From Comics to Cosmic, Part 2: Missed Connections

“From Comics to Cosmic” is a new series from noted comic book writer/artist Steve Englehart. Read about the intense and often unbelievable ups and downs of his experience working in the comic industry. Check back daily for more of his exploits!

Last time, I was telling you how a stewardess living in the apartment above that of a Marvel assistant editor was murdered, with a result of that being that the assistant editor’s wife insisted that they get out of the city for a while. He called me and asked if I’d fill in for him for six weeks. I was living two hours out of the city then, so my regimen involved getting up at 6, getting to work at 9, getting home around 8, eating, sleeping, rinse and repeat. Only a young guy hungry for his chosen career would ever do anything so stupid, and that would be me.

Now, for those of you who don’t have the history of comics at your fingertips, Marvel Comics was a force to be reckoned with in those days. It had come into existence in the late 1930s, like DC Comics, and during World War II, it had given DC a run for its money. (DC had Superman, Batman, Wonder Woman; Marvel had Captain America, Sub-Mariner, and the Human Torch).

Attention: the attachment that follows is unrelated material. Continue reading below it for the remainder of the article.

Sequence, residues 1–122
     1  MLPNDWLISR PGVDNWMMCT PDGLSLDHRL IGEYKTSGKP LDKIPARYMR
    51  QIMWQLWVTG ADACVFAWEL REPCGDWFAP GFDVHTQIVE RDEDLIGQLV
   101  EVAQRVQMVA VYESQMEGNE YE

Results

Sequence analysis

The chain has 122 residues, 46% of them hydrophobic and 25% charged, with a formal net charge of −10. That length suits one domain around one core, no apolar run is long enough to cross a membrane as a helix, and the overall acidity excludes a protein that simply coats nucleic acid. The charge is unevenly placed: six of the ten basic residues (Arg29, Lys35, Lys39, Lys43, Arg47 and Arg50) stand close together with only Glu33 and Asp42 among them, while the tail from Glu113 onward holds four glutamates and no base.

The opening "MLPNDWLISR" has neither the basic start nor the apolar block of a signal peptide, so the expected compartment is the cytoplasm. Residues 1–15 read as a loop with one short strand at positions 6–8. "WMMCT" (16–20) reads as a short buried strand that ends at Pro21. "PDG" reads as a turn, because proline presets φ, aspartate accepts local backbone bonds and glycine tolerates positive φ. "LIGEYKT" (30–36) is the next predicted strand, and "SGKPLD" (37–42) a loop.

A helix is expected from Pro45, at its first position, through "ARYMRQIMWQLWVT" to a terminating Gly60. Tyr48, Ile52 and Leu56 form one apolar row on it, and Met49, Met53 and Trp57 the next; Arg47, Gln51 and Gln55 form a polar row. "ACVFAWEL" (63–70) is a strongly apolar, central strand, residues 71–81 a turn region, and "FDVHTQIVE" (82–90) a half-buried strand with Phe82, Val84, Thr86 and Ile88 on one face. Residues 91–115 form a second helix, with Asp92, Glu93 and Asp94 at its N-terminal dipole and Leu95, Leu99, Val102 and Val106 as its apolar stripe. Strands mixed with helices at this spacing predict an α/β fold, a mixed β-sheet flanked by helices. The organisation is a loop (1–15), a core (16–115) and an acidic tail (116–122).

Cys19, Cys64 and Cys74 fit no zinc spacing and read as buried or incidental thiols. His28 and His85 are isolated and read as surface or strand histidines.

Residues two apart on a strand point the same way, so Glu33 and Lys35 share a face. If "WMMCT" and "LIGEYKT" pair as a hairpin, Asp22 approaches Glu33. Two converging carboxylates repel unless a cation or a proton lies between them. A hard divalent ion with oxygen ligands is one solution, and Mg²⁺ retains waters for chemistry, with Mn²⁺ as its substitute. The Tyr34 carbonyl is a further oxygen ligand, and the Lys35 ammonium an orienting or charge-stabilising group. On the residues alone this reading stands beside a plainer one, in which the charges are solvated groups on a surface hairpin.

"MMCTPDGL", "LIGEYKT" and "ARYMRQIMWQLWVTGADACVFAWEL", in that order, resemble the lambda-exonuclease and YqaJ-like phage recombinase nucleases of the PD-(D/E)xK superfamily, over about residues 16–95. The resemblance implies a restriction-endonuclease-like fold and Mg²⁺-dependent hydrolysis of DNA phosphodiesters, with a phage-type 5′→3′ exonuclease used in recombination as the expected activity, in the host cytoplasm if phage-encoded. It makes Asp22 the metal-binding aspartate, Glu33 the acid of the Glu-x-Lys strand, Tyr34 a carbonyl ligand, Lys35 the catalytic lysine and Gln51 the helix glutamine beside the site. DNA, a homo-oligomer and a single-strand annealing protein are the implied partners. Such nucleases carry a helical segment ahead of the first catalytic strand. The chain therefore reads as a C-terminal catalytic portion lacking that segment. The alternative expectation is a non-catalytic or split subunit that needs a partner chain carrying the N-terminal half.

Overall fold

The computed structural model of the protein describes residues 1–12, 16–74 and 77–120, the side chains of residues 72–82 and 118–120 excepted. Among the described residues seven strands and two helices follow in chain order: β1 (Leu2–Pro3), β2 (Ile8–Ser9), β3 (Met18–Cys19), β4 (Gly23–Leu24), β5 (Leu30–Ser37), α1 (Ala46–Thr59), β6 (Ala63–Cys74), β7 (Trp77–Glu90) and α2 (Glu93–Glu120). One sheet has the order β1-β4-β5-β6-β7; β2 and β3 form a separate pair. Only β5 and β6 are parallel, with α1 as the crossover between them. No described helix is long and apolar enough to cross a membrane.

After the war, Captain America became an instant anachronism and DC had settled into the dominant position. In 1958, Marvel even went bankrupt. But they pulled out of it, and in 1961, editor Stan Lee and artist Jack Kirby created the Fantastic Four. In 1962, Stan and Steve Ditko created Spider-Man. And throughout the 60s, as Stan and his artists created more hits (Hulk, Thor, Iron Man), Stan consciously played to the teenage and college demographic. Marvel became hip and happening. Not very long after I came on board, Marvel surpassed DC in sales for the first time. To celebrate, Marvel’s publisher took everyone on staff to DC’s favorite restaurant for dinner (it was across the street from their offices).

Now, this was cool enough me, a young guy who seemed to have chosen the right team, but there was more to the moment than just that. It turned out that the same woman whom I would later meet and marry once I moved to California was working as a waitress in that same restuarant that night, and may well have served us while we were there.

(She tells a neat story about that place, by the way. The menu offered both venison and boar, and if someone at a table ordered one and someone else ordered the other, the waitresses told the second party that they were out of that—because they were the same thing.)

(I had the squab.)


Steve Englehart is a novelist, comic book, film, television, and video game writer known for his work on high profile titles, including Marvel’s Captain America, The Hulk, The Avengers, Dr. Strange, DC’s Superman, Batman, Wonder Woman, Flash, Green Lantern, and many more.


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